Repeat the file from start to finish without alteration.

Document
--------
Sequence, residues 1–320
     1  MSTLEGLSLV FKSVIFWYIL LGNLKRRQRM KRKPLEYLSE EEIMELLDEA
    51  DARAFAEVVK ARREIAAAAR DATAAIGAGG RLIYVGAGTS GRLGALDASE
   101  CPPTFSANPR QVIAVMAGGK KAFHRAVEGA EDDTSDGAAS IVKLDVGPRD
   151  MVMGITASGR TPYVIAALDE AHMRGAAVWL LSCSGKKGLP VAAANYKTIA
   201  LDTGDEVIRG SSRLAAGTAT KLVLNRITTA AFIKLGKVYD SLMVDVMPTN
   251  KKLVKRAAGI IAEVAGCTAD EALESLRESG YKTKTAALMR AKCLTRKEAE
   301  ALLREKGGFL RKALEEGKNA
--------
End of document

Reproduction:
Sequence, residues 1–320
     1  MSTLEGLSLV FKSVIFWYIL LGNLKRRQRM KRKPLEYLSE EEIMELLDEA
    51  DARAFAEVVK ARREIAAAAR DATAAIGAGG RLIYVGAGTS GRLGALDASE
   101  CPPTFSANPR QVIAVMAGGK KAFHRAVEGA EDDTSDGAAS IVKLDVGPRD
   151  MVMGITASGR TPYVIAALDE AHMRGAAVWL LSCSGKKGLP VAAANYKTIA
   201  LDTGDEVIRG SSRLAAGTAT KLVLNRITTA AFIKLGKVYD SLMVDVMPTN
   251  KKLVKRAAGI IAEVAGCTAD EALESLRESG YKTKTAALMR AKCLTRKEAE
   301  ALLREKGGFL RKALEEGKNA